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Military Spouse Amendment to Immigration Law Under Consideration

On Behalf of | Nov 19, 2010 | Family Visas |

The Japanese widow of an American serviceman killed in Iraq hopes to gain citizenship from a new law that is making its way through Congress. The woman met a U.S. Marine when he was stationed in Okinawa. The Marine was deployed to duty in Iraq. The couple was expecting a child and married over the telephone in July 2008.

Roughly a month after the ceremony, the 22-year-ol Marine was killed north of Baghdad while conducting door to door searches. During the immigration process, Homeland Security denied the widow of the U.S. Marine in her effort to immigrate into the U.S. to raise the couple’s son.

The Department of Homeland Security oversees the immigration process. The agency denied the widow’s paperwork as the marriage had not been consummated.

A member of the U.S. House of Representatives introduced the Marine Sergeant Michael H. Ferschke, Jr. Memorial Act to recognize proxy marriages involving military service members. The bill passed the House earlier this week.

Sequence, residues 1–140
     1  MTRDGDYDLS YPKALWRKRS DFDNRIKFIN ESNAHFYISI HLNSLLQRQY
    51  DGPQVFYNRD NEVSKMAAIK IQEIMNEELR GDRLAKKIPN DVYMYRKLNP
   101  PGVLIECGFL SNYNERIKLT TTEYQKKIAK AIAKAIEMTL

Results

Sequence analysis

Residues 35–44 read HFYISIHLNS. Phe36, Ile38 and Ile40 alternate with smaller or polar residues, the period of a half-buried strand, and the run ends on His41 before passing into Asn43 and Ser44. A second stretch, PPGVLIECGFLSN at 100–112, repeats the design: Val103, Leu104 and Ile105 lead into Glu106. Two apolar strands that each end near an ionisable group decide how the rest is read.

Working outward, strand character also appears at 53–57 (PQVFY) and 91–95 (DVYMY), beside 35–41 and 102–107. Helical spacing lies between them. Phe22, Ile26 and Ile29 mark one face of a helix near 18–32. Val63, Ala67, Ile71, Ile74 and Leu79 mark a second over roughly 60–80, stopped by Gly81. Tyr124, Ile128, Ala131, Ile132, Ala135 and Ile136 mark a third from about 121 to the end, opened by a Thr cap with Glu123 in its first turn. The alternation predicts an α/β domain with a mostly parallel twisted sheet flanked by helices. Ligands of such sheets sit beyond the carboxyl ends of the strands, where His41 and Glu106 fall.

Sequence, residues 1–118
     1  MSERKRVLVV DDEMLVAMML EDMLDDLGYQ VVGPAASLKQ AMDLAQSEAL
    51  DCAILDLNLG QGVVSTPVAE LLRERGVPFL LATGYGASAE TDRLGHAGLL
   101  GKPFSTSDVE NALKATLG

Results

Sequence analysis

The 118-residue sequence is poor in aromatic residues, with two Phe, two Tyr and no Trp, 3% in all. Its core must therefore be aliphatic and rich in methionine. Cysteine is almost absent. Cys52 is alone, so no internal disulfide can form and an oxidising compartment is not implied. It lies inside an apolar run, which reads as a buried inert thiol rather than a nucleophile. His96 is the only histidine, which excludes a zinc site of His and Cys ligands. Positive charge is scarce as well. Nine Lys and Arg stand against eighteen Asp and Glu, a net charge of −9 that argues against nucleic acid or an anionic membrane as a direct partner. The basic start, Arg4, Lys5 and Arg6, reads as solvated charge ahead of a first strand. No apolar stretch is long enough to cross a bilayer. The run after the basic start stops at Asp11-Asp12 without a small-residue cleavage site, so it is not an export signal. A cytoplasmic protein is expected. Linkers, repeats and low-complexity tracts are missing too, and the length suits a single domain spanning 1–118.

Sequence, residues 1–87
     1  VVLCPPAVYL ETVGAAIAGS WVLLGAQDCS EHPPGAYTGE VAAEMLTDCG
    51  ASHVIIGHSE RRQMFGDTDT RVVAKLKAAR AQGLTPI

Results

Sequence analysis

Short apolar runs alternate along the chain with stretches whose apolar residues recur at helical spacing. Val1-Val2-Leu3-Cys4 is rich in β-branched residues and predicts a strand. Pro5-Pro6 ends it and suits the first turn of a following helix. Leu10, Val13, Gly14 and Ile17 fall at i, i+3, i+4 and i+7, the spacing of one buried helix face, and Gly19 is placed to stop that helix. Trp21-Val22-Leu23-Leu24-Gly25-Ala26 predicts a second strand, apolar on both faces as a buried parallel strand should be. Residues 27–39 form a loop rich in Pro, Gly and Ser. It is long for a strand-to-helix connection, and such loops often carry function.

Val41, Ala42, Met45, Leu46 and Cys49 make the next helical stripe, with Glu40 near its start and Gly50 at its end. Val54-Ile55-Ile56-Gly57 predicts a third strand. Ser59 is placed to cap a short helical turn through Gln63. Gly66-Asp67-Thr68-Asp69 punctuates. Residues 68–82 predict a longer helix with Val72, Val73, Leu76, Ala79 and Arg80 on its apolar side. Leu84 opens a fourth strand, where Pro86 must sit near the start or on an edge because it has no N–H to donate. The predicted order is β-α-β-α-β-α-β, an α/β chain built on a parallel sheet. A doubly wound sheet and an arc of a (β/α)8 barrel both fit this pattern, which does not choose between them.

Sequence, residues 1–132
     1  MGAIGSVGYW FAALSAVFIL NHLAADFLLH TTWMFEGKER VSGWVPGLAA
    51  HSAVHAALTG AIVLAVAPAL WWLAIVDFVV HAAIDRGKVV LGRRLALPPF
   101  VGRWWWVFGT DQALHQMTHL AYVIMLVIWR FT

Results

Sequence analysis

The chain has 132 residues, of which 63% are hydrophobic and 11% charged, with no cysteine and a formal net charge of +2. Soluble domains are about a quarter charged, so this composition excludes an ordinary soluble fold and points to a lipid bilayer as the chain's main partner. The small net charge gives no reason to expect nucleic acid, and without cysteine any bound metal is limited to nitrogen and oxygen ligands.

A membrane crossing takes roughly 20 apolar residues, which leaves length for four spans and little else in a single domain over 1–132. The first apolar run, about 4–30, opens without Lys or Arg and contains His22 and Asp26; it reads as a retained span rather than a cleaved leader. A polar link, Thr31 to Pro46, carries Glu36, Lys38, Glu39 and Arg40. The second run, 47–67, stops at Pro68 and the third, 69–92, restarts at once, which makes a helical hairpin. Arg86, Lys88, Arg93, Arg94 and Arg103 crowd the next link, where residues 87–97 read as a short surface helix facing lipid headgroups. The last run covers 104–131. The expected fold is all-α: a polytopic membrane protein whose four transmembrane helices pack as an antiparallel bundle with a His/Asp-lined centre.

The bill carves out an exception to the consummation requirement for foreign nationals married to active military service members, allowing the spouse of the service member to qualify for U.S. residency. Representative John J. Duncan, the bill’s sponsor said on the House floor before the measure passed the House, “Any person looking at this case can see that this loophole is tragic and deserves to be closed.”

It is unclear whether the House version will make it to the Senate. Senators Lamar Alexander and Jim Webb reportedly are working on a similar measure in the Senate.

Source: Stars and Stripes, “Immigration law aimed at troops’ foreign spouses passes House,” 17 Nov 2010